7. Aerate the pile: Regularly turn or aerate the compost pile to provide oxygen to the microorganisms. This helps speed up the composting process and prevents odors.
  8. Monitor the compost: Keep an eye on the moisture level and temperature of the compost pile. Adjust as needed to maintain a healthy composting environment.
  9. Be patient: Composting is a natural process that takes time. Depending on the materials and conditions, it can take several months to a year for compost to be ready.

And that’s why compost should be layered like a lasagna. The layers should be green material, brown material, nitrogen, soil, water. Then, just let the magic happen, turning it ever so often.

How long does the composting process take?

The common composting process takes 6 months to a year and high temperatures to complete. If you just throw in pieces and scraps and large amounts of waste, it’s going to take longer. There’s a quicker way.

To cut that time in half, keep your compost pile small. Kitchen compost in a small compost bin will get hotter quicker in small spaces than out in a large compost bin.

Then, turn it over to allow air in about once per week. This also helps get air to the earthworms and microbes that are working hard to help breakdown the compost.

Continue to keep the compost moist. and the carbon to nitrogen ratio of 2:1 right as you continue to add more in. Keep the pieces as tiny as possible. That will also help speed up the compost process.

Top 5 Simple compost bins for your Kitchen Waste

I’m about to share with you 5 top rated compost bins for your kitchen. These are the bins that hold in the smells while you keep them conveniently in your kitchen.

1. The Farmhouse style Kitchen compost bin. It’s 1.3 gallon, easy to clean and comes with some great non-smelling filters. Get more information here.

2. For Teal Lovers Compost Bin: A compost bin in your favorite color! It’s easy to use and cute on your countertop. Plus, it comes with charcoal filters and a great how-to guide.

3. Mountable Kitchen Compost Bin: The simple choice for anyone who wants their compost bin out of reach. Perfect for moms with young kids. Go here for more.

4. Simple Utopia Compost Bin: An elegant edition to your kitchen. Who will even know it has kitchen waste in it? Find out more here.

5. Epica Compost Bin: Similar to the Akaboo. Still elegant and comes with built in filters. Check it out here.

​What Your Finished Compost Will Look Like

Compost is typically ready to use when it has broken down into a dark, crumbly, earthy-smelling material. Here are some signs that your compost is finished:

  1. Appearance: The compost should be dark and crumbly, resembling rich, fertile soil. You should no longer be able to distinguish the original materials.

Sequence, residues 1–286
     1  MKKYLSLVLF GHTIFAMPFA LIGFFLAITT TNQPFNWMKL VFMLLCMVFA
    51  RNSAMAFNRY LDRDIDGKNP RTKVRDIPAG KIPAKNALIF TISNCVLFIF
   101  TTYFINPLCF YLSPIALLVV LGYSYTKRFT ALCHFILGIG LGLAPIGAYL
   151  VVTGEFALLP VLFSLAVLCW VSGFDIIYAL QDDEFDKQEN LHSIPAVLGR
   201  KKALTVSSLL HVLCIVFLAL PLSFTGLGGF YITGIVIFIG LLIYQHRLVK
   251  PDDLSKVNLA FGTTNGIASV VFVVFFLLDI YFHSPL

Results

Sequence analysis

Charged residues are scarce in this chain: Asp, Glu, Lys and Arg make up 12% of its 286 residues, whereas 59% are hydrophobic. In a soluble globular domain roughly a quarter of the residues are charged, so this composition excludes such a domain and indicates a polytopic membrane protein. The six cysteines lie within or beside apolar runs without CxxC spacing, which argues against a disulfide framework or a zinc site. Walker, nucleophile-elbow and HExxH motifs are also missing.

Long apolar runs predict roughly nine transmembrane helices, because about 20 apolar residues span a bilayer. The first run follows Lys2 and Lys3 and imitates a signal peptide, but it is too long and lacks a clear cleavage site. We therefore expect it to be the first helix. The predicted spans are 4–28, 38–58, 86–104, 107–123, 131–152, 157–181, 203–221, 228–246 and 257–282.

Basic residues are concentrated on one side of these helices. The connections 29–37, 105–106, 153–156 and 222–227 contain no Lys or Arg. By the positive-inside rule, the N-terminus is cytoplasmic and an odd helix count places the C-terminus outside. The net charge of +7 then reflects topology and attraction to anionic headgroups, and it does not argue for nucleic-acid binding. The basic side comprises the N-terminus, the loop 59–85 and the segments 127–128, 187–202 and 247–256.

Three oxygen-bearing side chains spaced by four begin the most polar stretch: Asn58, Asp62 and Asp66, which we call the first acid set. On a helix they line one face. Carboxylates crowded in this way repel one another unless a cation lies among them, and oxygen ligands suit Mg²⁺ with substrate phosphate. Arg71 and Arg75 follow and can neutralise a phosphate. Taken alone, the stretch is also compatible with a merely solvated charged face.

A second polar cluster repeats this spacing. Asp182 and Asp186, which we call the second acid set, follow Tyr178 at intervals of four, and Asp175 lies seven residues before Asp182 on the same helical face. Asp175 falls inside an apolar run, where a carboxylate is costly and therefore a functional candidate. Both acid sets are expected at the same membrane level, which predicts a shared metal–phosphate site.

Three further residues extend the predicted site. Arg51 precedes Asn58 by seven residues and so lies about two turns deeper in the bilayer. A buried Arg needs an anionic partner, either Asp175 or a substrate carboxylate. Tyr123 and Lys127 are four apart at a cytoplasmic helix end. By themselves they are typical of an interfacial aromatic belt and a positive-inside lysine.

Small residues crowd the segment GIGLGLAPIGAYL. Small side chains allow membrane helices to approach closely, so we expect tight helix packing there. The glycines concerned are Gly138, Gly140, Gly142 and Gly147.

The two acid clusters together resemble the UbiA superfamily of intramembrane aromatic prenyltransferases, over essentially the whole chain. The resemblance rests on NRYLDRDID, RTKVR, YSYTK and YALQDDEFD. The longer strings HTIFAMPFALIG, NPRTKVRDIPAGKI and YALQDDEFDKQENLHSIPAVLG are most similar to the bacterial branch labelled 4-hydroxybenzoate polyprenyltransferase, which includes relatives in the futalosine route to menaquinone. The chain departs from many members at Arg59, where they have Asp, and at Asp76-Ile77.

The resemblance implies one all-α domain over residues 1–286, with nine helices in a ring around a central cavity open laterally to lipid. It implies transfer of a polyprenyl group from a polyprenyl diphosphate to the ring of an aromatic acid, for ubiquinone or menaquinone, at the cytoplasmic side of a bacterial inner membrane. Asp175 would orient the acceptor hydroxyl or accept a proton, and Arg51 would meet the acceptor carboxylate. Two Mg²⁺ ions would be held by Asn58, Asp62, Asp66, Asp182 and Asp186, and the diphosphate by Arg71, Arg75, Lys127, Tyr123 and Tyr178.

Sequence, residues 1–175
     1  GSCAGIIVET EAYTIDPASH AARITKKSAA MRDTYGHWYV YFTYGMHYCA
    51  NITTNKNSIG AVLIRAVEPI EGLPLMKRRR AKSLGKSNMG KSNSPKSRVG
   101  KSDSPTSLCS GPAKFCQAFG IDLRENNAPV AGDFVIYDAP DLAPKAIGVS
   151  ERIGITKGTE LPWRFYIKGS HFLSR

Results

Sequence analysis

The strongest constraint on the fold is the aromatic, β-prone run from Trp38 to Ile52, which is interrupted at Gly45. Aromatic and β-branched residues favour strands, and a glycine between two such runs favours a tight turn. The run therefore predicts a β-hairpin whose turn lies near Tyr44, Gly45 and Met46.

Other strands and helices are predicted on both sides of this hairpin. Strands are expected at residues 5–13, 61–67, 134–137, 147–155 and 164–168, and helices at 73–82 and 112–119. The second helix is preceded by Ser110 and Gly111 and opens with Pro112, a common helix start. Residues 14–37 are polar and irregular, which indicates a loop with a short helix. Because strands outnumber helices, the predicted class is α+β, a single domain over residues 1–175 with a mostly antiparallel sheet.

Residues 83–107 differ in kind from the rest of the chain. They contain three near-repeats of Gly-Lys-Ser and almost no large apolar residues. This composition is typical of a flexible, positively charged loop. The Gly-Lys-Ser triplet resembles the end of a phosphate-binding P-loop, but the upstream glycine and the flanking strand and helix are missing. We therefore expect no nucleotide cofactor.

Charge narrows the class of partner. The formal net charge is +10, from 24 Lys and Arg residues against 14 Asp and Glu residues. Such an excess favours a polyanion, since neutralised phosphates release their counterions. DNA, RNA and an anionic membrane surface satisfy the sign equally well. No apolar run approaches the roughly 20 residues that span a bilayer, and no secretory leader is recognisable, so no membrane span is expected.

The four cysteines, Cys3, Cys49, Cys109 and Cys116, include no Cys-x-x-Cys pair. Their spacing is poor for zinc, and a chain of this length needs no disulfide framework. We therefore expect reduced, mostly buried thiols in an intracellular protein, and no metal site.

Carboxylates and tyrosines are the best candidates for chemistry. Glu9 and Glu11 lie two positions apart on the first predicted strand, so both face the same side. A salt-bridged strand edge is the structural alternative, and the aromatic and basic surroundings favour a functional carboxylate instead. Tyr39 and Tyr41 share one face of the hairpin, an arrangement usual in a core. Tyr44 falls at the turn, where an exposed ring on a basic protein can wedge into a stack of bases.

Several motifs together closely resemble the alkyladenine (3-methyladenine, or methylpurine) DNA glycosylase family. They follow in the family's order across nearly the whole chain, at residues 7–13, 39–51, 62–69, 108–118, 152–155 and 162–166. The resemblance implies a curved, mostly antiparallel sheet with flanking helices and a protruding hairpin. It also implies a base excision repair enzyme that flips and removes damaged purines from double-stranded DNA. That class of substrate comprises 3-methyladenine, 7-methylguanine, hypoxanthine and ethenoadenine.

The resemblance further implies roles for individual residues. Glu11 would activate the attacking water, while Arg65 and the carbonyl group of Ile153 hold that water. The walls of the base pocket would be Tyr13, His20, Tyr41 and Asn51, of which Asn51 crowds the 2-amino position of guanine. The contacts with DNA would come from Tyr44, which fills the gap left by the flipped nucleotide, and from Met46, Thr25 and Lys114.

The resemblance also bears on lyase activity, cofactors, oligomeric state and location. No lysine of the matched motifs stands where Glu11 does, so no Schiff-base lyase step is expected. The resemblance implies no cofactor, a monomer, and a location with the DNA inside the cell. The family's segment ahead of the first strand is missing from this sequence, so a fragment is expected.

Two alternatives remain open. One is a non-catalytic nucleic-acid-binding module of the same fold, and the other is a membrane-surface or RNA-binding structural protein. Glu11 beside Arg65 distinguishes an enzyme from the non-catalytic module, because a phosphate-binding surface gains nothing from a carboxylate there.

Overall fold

2. Texture: The compost should have a fine, crumbly texture that is easy to work with. It should not be lumpy or chunky.
  3. Smell: The compost should have a pleasant, earthy smell, similar to fresh soil. It should not smell sour, ammonia-like, or rotten.
  4. Temperature: The temperature of the compost pile will also decrease significantly as it finishes composting. It should feel cool to the touch, indicating that the microbial activity has slowed down.
  5. Time: Depending on the materials used and the composting conditions, it can take anywhere from a few weeks to several months for compost to be ready. Generally, a well-maintained compost pile will produce finished compost in 3 to 6 months.

If you’re unsure whether your compost is done, you can do a simple test by placing a small amount in a sealed plastic bag for a few days. If the bag doesn’t develop any unpleasant odors, the compost is likely finished and ready to use.

Quick Ways to Use Your Compost

  1. Soil amendment: Mix compost into your garden soil to improve its structure, water retention, and nutrient content. This can help your plants grow healthier and more productive.
  2. Mulch: Spread a layer of compost around your plants to help retain moisture, suppress weeds, and provide nutrients as it breaks down.
  3. Potting mix: Use compost as part of a homemade potting mix for container plants. It can improve the soil structure and provide nutrients to your plants.
  4. Top dressing: Sprinkle compost on the surface of your lawn or garden beds as a top dressing. This can help improve the soil structure and provide nutrients to the plants.
  5. Compost tea: Steep compost in water to create a nutrient-rich liquid fertilizer. Use this to water your plants for an extra boost of nutrients.
  6. Seed starting: Mix compost with other materials like vermiculite or perlite to create a seed starting mix. This can help provide nutrients to young seedlings as they grow.
  7. Erosion control: Use compost to help stabilize slopes and control erosion. The organic matter in compost can help bind soil particles together and reduce runoff.
  8. Repotting Houseplants: Use compost as a top dressing for indoor plants or mix it into the soil when repotting to provide nutrients.
How to compost kitchen waste

Convert Kitchen Waste into Compost

There’s a lot of good benefits to learning how to compost kitchen waste. It’s simple and convenient. And if you get a little compost bin, you’ll find that they actually make a really cute edition to your kitchen. Plus, it’s just another skill you can learn and have for life that no one can take from you. Your knowledge is YOURS and no one elses. Learning new things is a skill to cherish and hold tight. 

All you have to do is bite the bullet and get started saving your waste. Gather your organic materials along with a compost tumbler or regular bin and let’s get started building some amazing hot compost that will help you grow great gardens you can be proud of.